It's much better to know what you would have said after the fact (or even during the fact) than to have the unfortunate experience of bringing yourself down to someone elses level to say the perfect comeback.

Angie said...

I tend to respond the same much of the time. Later after the fuming mad has left me I am glad I didn't say anything. Emily Post would be proud of you.

halloweenlover said...

The problem is that some of these people do it OVER and OVER again. At some point, it becomes less miss manners, and more of getting walked on. Grrrr.

KathyR said...

Yeah. I'm Jeckyl/Hyde on this. Sometimes I avoid confrontation and sometimes I look for it.

I would say that 1/2 the times I've let out a satisfyingly cutting snarl, I've regretted it.

Of course, the other times were things of beauty...

Anne Glamore said...

I do think it's learned behavior as well. At some point in the last 10 years after dealing with health issues and kids, I got tired of the crap, and decided to let some people know it. Not rudely, but calling them on their rudeness.

Chatty Cricket said...

I'm tending to agree with APL on the "Miss Manners" approach to dealing with rude comments. I would suggest printing up a bunch of cards with "" on the front and "FYI" on the back. Then you can stare and follow the stare with a tip to a reference site.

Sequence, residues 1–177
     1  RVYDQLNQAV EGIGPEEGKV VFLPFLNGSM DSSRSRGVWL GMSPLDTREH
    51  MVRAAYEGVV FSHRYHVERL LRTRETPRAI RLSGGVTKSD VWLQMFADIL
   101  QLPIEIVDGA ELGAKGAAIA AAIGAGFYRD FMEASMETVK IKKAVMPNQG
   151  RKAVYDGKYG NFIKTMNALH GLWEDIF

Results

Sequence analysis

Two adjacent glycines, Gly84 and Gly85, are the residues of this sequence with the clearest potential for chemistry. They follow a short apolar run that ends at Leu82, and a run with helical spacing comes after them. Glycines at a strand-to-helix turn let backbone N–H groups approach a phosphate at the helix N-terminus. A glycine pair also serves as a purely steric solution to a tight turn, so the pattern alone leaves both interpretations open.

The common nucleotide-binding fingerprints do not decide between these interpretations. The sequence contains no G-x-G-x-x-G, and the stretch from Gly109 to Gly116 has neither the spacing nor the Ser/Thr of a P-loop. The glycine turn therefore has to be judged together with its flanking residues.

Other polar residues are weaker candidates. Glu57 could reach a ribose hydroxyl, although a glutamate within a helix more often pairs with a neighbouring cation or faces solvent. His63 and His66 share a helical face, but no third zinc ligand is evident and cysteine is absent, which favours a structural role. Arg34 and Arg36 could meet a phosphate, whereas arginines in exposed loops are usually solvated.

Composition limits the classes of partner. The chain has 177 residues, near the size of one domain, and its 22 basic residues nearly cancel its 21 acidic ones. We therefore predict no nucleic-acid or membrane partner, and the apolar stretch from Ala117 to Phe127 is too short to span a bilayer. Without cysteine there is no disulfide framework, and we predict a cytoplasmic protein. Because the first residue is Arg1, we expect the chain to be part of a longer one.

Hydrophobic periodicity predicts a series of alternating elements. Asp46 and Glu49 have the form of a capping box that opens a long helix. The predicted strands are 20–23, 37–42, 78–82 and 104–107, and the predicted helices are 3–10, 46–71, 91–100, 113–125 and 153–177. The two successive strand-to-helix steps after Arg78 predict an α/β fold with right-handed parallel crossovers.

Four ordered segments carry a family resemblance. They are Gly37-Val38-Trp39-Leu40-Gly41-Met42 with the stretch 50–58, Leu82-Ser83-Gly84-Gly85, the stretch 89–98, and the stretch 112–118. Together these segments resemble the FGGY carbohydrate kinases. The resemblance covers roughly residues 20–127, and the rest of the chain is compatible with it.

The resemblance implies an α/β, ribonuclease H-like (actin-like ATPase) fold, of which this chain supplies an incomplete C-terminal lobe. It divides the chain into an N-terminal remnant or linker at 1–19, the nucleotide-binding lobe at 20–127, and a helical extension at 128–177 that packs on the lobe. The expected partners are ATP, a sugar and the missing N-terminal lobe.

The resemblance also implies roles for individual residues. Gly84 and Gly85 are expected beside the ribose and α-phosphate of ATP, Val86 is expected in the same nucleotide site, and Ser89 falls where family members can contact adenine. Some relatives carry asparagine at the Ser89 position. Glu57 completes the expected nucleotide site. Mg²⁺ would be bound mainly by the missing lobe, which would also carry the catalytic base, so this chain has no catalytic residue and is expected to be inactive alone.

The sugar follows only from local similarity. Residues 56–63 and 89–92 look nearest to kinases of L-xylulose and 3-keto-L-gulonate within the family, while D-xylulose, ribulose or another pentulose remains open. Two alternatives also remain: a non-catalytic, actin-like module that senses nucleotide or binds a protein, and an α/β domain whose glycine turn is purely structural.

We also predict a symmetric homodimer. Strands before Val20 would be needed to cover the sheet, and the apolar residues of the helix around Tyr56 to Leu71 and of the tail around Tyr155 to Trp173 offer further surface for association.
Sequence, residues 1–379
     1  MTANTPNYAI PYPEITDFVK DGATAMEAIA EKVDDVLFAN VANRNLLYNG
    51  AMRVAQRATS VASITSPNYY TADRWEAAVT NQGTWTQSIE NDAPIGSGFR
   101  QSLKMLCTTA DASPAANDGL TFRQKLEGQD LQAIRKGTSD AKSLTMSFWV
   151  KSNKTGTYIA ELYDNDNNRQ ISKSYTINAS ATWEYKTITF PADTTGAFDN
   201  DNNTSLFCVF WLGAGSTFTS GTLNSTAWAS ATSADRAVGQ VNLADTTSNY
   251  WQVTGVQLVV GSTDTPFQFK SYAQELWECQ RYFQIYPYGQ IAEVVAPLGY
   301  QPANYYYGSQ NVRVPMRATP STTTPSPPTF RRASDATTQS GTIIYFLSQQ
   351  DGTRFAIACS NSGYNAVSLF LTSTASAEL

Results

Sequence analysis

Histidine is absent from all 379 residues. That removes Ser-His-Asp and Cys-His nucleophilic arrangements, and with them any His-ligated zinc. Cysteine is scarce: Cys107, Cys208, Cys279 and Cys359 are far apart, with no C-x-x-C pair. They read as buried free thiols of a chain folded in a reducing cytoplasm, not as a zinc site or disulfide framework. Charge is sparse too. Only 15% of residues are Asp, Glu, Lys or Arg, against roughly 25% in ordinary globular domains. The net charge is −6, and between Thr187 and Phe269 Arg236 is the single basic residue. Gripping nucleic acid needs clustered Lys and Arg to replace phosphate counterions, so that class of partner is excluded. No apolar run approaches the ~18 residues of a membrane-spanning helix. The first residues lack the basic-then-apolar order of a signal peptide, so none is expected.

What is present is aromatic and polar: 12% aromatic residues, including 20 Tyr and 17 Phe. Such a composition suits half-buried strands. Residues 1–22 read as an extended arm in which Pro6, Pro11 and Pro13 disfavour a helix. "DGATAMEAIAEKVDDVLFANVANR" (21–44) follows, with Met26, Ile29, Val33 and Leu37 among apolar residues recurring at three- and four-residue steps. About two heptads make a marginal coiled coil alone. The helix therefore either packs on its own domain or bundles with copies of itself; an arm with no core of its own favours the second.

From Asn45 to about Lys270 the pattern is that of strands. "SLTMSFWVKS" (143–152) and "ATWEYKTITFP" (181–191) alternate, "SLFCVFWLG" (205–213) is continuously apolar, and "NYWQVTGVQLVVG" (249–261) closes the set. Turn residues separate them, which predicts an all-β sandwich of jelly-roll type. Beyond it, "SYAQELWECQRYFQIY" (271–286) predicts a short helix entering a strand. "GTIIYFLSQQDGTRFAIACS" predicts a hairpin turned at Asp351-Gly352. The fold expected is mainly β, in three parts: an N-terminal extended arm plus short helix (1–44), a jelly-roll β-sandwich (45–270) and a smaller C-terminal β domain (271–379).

Frankly, you and I both know what scenarios I replay over and over again and believe you me I have come up with some pretty hefty comebacks (in my head). To be quite honest, I sometimes prefer the "going over it in my head" approach because in my own head I'm always the smarter person who leaves the other one stammering in my wake. In reality though, I'd rather just be the bigger person, and walk away without getting dragged down to the others' level. Sometimes it's better not to dignify a stupid remark with response.

Suzanne said...

I'm similarly afflicted. I worry far too much about whether someone will be mad at me, so I tend to just keep my mouth shut.

One Mother's Journey said...

You can sign me up for those lessons also! Sometimes I'm still stewing days later kicking myself for what I didn't say back to someone who just blew me out of the water. Yet, my reactions is always the same the next time... stunned and silent. Uggh.

Nancy said...

I can't ever come up with a good comeback when I'm scorned -- but if someone dares to hurt a person I love, I am full of the venom. Wish I could defend myself as well as that.

Dawn said...

I KNOW this can be learned. Not for me, but in watching my buddy De-de. She was seriously the nicest person in the world. She was completely socialized this way.

After two years, I cross stiched her a little plaque with "WWDD?" ( What Would Dawn Do?") since she was moving into a supervisory role with alot of pressure. She has done beautifully.

I have the opposite issue. I often fail to realize that I have hurt someone's feelings. Not well hard wired into me at all.

jo(e) said...

When someone is rude to me, I am so surprised that I just stare at them. I can never think of anything to say because it takes me so long to grasp that the person is indeed being rude.

Over the years though, I have come to accept that the shocked stare ... especially if I just stand still and keep staring without saying a word ... can be very effective.

jo said...